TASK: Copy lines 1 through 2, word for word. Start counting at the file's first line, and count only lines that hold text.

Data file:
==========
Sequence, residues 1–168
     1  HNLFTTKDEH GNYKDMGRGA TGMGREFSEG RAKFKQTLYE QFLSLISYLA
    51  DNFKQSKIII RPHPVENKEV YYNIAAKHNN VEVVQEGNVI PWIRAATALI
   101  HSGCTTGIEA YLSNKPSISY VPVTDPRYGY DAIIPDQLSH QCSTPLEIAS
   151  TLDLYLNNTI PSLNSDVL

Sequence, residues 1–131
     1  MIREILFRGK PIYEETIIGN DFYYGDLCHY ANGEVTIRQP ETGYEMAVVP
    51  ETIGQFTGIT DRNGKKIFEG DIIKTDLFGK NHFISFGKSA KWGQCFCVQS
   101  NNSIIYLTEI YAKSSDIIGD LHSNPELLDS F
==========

Sequence, residues 1–168
     1  HNLFTTKDEH GNYKDMGRGA TGMGREFSEG RAKFKQTLYE QFLSLISYLA